Even closer to home was another event that took place that year, when William Lloyd Garrison, evangelical minister Theodore Weld, and freedman Robert Purvis founded the American Anti-Slavery Society. Now, Garrison is one of those men who is either a saint or a fanatic, something like John Brown. His weekly anti-slavery newspaper, The Liberator, founded in 1831, was known for its uncompromising advocacy of “immediate and complete emancipation” of all slaves in the United States. In the very first issue, he said, “I am aware, that many object to the severity of my language; but is there not cause for severity? I will be as harsh as truth, and as uncompromising as justice. On this subject, I do not wish to think, or speak, or write, with moderation.”

People don’t do their best thinking when motivated by fear or greed. They just hunker down. That’s what happened in the South, in the wake of Nat Turner’s rebellion, which all too many Southerners blamed on The Liberator, and on mythical Northern conspiracies to incite slave rebellion. After a certain point, Southerners ceased to apologize for their peculiar institution, and began to convince themselves that it was necessary, and right, and in fact mandated by God. Northern teachers suspected of abolitionism were expelled from the South, and abolitionist literature was banned. In 1835 alone abolitionists mailed over a million pieces of anti-slavery literature to the south. In response southern legislators banned abolitionist literature and the U.S. Postmaster General refused to allow the mails to carry abolition pamphlets to the South.

The Liberator had a subscription list of only about 3,000, three-quarters of them black, but it drew a vehement reaction in the South. His critics believed he advocated the sudden and total freeing of all slaves, and considered him a dangerous fanatic. (Actually, he called for “immediate emancipation, gradually achieved,” which meant immediate repentance and a system of gradual emancipation.) After Turner’s slave rebellion, a North Carolina grand jury indicted Garrison for distributing incendiary material, and the Georgia Legislature offered a $5,000 reward for his capture and conveyance to the state for trial.

Historians distinguish between moderate antislavery reformers, who concentrated on stopping the spread of slavery, and radical abolitionists, whose demands for unconditional emancipation often merged with a concern for black civil rights. Most Northerners favored a policy of gradual and compensated emancipation, recognizing that the Constitution did not allow the federal government to intervene to end slavery in the South. But as the Anti-Slavery Societies spread throughout the North, and as more and Northerners began to speak of the evils of slavery (noticeably influenced by the publication and wildfire success in 1852 of Harriett Beecher Stowe’s Uncle Tom’s Cabin), Southerners began to lose the ability to make distinctions.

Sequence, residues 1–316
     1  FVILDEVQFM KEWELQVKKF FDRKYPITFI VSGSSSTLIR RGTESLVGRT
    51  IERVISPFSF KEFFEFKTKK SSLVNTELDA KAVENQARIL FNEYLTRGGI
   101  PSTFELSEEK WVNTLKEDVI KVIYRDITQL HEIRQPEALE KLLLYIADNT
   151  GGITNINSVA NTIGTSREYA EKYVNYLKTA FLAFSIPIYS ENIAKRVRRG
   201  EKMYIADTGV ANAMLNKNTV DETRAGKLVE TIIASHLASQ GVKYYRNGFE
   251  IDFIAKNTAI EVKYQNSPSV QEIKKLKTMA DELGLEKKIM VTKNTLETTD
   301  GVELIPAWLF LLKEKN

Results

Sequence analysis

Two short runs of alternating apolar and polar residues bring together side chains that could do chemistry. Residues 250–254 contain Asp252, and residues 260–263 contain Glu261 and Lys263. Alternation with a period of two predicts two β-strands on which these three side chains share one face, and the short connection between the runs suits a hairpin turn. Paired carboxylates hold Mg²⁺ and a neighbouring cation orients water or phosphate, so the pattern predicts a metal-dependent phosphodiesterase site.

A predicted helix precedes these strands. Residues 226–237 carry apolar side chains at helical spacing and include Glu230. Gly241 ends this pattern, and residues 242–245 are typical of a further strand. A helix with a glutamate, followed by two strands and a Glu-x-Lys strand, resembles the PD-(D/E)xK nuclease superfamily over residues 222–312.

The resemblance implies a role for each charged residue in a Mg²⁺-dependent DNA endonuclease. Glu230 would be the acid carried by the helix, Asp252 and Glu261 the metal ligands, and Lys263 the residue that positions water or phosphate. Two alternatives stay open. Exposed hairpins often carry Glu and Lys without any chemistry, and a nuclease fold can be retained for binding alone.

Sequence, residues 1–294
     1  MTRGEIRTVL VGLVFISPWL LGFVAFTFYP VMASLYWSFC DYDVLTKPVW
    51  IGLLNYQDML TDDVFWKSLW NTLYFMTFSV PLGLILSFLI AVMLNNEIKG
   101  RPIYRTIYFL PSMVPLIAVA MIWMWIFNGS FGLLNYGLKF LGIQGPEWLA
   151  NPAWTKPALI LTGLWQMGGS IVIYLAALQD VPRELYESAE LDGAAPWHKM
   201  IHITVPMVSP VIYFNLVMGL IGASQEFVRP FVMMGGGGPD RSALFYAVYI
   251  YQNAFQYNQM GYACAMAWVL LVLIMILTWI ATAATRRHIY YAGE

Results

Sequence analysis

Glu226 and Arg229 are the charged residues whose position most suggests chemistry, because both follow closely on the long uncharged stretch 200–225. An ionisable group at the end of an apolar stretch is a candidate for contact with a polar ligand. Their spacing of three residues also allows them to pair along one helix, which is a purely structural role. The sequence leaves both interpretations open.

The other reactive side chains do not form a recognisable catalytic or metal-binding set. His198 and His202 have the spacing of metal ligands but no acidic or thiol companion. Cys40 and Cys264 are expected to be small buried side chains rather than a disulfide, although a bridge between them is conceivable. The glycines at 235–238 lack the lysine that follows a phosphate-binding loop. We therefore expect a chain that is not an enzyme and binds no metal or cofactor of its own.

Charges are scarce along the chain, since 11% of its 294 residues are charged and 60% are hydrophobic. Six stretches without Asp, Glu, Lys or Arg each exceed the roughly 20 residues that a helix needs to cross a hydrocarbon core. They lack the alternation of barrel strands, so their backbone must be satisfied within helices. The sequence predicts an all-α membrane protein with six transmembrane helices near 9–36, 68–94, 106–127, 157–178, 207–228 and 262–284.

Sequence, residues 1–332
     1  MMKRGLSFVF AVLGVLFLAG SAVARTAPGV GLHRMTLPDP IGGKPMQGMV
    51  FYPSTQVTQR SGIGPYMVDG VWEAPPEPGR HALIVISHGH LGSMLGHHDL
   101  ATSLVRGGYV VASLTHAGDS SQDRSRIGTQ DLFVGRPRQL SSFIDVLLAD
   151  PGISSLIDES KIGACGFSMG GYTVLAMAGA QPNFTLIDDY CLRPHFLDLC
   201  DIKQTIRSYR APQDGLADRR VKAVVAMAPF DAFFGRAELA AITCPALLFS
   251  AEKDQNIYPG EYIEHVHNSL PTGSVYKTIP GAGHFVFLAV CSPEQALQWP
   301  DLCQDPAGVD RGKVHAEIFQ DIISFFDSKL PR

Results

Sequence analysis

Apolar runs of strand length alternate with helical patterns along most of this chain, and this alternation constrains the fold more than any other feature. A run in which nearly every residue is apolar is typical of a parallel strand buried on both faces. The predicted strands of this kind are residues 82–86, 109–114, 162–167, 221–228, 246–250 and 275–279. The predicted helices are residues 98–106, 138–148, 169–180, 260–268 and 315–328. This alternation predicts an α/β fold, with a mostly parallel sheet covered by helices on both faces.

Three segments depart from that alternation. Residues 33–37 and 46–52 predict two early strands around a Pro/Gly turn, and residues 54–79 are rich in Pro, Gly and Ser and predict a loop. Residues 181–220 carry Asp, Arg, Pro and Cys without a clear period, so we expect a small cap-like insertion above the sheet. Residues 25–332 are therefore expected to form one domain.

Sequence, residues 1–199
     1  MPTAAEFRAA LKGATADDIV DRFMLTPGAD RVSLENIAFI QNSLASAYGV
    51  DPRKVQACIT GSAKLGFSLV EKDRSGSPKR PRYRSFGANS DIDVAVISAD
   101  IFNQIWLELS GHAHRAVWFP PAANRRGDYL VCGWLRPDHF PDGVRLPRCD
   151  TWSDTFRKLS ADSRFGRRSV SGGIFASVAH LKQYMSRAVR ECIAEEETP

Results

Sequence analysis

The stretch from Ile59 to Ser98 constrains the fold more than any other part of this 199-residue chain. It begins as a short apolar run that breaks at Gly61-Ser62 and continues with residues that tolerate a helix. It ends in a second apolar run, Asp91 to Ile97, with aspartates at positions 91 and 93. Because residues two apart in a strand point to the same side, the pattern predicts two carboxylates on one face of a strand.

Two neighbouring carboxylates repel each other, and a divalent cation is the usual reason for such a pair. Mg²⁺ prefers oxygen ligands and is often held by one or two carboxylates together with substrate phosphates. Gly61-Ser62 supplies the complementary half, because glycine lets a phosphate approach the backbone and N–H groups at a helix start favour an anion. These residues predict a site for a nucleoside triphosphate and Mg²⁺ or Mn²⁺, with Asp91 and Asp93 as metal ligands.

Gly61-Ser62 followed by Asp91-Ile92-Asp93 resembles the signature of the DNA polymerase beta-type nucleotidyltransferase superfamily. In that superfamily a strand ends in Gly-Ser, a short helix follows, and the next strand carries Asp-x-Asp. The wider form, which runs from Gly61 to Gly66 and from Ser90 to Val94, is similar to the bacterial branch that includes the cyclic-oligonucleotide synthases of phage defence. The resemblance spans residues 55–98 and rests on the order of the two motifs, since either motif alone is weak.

You know you have lost the ability to make distinctions when you can’t distinguish John Brown, trying to lead a slave revolt, from William Lloyd Garrison, calling for immediate emancipation, or Hinton Rowan Helper, a North Carolinian arguing that the South must end slavery, or Abraham Lincoln, conceding the South’s Constitutional right to preserve slavery, but demanding that it spread no farther. To more and more Southerners, any shade of opinion that did not say that slavery was good and justified constituted abolition sentiments. Their Northern opponents were not anti-slavery, or anti-slavery-expansion, but always “abolitionists.” A little later, the new Republican Party was never the Republicans but, always, Black Republicans.

And of course fear generated hatred, and hatred generated counter-hatred, and so fanatics on all sides generated and fueled the forces that they feared.

Southerners resisted containment of slavery; they got John Brown. They rebelled against Abraham Lincoln; they got General Sherman. Abolitionists rejected compromise and moderation; after a while, they got Civil War.

 

America’s Long Journey: The telegraph

The telegraph

We just call it the telegraph, forgetting that at one time the term referred to other forms of long-distance signaling. But it was a big day when men learned to use electrical impulses to send coded text messages through strung wires (or, later, by radio). The electromagnetic telegraph, which sprang up with the railroad, and became indispensible to it, changed everything. Within a few decades, people were communicating from one end of the continent to the other, and then, via undersea cable, across the North Atlantic. The era of electronic mass communication was on its way.

The system that eventually emerged built upon many inventions, including many that worked but were commercially impractical. Not going into it here, though a brief run through is very interesting. (A Wikipedia search will tell you anything you want to know.) The world’s first commercial telegraph was developed in England, patented in 1837, and put into operation (a 13-mile line) on the Great Western Railway in 1838. Telegraph operations became standard on British railways, then became a form of mass communication there when the instruments were installed in post offices across the country.